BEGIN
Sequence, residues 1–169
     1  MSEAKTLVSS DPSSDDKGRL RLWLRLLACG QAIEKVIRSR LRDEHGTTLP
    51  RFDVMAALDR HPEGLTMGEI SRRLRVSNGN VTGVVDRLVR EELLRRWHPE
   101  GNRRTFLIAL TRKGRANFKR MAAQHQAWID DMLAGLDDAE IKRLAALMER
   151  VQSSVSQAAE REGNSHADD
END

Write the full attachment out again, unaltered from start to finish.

Sequence, residues 1–169
     1  MSEAKTLVSS DPSSDDKGRL RLWLRLLACG QAIEKVIRSR LRDEHGTTLP
    51  RFDVMAALDR HPEGLTMGEI SRRLRVSNGN VTGVVDRLVR EELLRRWHPE
   101  GNRRTFLIAL TRKGRANFKR MAAQHQAWID DMLAGLDDAE IKRLAALMER
   151  VQSSVSQAAE REGNSHADD